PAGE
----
APRA welcomed the Productivity Commission’s final report on superannuation as an important step toward delivering better outcomes for members. The report assesses the efficiency and competitiveness of superannuation system in Australia and whether better ways to allocate defaults are needed. The report highlights that the assessment of the superannuation system reveals mixed performance and that the system needs to adapt to better meet the needs of a modern workforce and a growing pool of retirees. The assessment shows that inadequate competition, governance, and regulation have led to these outcomes.
The assessment finds that regulations and regulators focus too much on the interests of funds and not members. Sub-par data and disclosure inhibit accountability to members and government. Regulators need clearer roles, accountability and powers to confidently monitor trustee conduct and enforce the law when it is transgressed. APRA should focus more on matters related to licensing and authorization, ensuring high standards of system and fund performance. It should supervise and enforce the obligations of the licences and authorizations it grants, in addition to requiring all APRA-regulated superannuation funds to conduct formal due diligence of their outsourcing arrangements, at least every three years, to ensure the arrangements provide value for money. Each fund should provide a copy of the assessment to APRA and require all APRA-regulated superannuation funds to include a clause in material service contracts with outsourced providers that obliges the provider not to do or take any action that adversely affects members’ interests. In addition, APRA should:
- Report annually to the Council of Financial Regulators on funds’ progress with implementing the elevated outcomes tests and on fund merger activity.
- Undertake a systematic assessment of the costs to funds of the thousands of legacy products in the superannuation system. If the evidence demonstrates that they represent a significant cost in accumulation, APRA should further refine trustees’ obligations for member transfers so these products can be rationalized.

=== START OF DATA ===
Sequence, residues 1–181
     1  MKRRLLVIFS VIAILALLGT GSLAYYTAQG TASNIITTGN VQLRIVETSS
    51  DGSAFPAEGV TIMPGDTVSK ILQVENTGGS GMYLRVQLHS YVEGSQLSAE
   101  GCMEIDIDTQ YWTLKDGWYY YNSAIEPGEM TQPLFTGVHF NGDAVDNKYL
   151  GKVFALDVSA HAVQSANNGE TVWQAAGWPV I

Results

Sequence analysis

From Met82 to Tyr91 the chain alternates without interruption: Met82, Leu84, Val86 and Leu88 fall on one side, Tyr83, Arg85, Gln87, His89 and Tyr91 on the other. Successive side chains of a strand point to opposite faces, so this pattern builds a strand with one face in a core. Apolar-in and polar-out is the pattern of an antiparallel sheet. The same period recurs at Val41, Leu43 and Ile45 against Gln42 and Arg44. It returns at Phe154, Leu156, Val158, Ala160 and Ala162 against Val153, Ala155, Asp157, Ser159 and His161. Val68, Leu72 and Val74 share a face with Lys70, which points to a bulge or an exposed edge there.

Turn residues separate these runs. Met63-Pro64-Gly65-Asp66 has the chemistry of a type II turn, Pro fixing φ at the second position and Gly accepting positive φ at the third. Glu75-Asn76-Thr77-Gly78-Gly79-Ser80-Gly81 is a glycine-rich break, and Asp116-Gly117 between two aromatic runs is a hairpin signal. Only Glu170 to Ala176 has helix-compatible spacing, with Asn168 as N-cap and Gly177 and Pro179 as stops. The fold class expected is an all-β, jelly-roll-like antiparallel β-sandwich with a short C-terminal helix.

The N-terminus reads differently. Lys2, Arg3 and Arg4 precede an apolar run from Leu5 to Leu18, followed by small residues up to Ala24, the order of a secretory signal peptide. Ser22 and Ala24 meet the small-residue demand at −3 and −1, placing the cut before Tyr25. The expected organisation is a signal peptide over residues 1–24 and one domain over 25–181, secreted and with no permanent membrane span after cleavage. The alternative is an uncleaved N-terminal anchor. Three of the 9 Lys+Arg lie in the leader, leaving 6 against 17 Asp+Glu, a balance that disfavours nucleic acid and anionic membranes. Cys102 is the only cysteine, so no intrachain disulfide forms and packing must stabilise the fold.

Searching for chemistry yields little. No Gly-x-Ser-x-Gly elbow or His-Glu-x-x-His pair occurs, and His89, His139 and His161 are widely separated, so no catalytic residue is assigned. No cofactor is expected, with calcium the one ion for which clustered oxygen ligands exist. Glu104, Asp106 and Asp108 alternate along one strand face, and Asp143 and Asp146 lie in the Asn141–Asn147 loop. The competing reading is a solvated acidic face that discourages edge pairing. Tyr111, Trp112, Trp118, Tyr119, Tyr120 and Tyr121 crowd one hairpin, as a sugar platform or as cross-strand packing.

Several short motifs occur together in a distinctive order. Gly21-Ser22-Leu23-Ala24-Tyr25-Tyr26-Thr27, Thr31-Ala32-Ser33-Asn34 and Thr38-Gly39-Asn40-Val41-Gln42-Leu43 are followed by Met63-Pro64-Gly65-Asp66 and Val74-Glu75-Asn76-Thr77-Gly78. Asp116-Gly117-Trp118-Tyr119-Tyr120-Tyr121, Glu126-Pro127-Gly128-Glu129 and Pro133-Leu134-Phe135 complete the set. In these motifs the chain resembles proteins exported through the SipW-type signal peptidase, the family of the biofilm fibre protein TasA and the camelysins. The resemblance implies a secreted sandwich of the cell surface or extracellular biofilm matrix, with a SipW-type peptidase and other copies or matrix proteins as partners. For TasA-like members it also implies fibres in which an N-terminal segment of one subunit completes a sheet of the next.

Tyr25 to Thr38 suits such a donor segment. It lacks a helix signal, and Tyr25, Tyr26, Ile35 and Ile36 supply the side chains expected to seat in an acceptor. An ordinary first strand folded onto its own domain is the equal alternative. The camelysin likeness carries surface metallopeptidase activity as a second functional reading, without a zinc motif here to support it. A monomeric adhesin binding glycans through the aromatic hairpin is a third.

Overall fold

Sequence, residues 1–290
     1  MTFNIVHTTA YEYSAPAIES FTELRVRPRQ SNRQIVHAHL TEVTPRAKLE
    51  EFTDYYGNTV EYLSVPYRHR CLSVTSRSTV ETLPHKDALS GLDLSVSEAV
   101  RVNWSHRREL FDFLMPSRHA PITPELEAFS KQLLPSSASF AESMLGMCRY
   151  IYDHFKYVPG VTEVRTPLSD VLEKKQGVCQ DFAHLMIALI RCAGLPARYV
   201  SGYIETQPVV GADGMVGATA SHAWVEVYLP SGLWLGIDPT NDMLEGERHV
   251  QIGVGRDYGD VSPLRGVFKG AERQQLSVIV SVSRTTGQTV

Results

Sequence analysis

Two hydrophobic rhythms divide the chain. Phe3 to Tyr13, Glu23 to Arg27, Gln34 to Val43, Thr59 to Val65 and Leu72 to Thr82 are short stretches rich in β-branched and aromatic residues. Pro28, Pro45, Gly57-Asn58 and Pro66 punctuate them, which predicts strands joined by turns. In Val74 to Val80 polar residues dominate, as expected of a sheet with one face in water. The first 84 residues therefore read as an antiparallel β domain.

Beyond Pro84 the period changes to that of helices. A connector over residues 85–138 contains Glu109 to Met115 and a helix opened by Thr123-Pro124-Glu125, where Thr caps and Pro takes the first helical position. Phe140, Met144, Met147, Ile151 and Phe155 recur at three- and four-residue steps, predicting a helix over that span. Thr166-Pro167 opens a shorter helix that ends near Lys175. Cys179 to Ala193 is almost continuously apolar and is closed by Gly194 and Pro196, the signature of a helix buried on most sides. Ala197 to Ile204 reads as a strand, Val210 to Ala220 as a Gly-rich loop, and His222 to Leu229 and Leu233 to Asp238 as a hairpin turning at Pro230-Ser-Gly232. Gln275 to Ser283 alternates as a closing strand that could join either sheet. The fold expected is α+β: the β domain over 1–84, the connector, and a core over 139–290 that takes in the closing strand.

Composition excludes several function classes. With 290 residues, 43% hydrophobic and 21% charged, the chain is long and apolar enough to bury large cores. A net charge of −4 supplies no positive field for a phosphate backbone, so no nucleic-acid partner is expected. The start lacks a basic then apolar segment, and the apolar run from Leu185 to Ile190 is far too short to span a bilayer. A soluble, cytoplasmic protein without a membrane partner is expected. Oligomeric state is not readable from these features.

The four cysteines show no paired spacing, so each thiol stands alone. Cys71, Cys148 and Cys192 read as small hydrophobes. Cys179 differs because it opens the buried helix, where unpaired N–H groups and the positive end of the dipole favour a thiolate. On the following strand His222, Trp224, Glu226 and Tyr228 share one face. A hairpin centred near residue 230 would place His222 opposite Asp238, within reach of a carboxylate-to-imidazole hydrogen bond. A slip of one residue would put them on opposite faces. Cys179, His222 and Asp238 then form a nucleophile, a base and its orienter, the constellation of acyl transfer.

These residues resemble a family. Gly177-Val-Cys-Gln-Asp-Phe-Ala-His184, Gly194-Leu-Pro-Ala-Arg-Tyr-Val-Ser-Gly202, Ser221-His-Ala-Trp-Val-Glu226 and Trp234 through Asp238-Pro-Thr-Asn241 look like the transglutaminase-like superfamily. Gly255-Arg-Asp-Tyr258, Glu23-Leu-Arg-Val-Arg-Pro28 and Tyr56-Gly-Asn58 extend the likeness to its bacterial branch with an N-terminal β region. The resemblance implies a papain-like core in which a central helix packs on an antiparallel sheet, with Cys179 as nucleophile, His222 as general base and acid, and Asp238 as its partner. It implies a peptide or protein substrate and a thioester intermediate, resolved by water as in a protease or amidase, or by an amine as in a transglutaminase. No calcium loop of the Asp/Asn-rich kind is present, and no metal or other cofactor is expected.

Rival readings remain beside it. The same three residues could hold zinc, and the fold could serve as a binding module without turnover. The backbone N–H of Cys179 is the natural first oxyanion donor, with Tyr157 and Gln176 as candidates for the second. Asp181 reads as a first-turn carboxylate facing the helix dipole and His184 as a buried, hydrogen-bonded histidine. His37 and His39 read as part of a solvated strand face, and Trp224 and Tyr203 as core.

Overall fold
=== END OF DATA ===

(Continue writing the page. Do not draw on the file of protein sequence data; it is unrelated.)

- Embed product-level reporting within its reporting framework as soon as practicable (no later than 18 months) to enhance visibility of actual member outcomes across all APRA-regulated funds and to bring reporting for the choice segment into line with the MySuper segment. APRA should also expedite efforts to address inconsistencies in reporting practices.
The Australian Government should set an explicit "member outcomes" mandate for APRA in its regulation of superannuation. The report also recommends that the Australian Government should initiate review too examine how efficiently and effectively APRA operates to achieve its strategic objectives in relation to superannuation and the review should be completed and published during 2019. Deputy Chair Helen Rowell said many of the findings and recommendations in the report aligned closely with APRA’s ongoing focus on ensuring superannuation funds delivered quality, value-for-money outcomes for their members. She said that APRA is already addressing many of the areas where the report indicated the organization could make changes or improvements. APRA would consider the Productivity Commission’s comprehensive report, together with the financial services Royal Commission’s final report and the Government’s subsequent response, as part of its review of priorities for supervision of the superannuation industry for the next few years.
Keywords: Asia Pacific, Australia, Insurance, Superannuation, Productivity Commission, Prudential Framework, APRA
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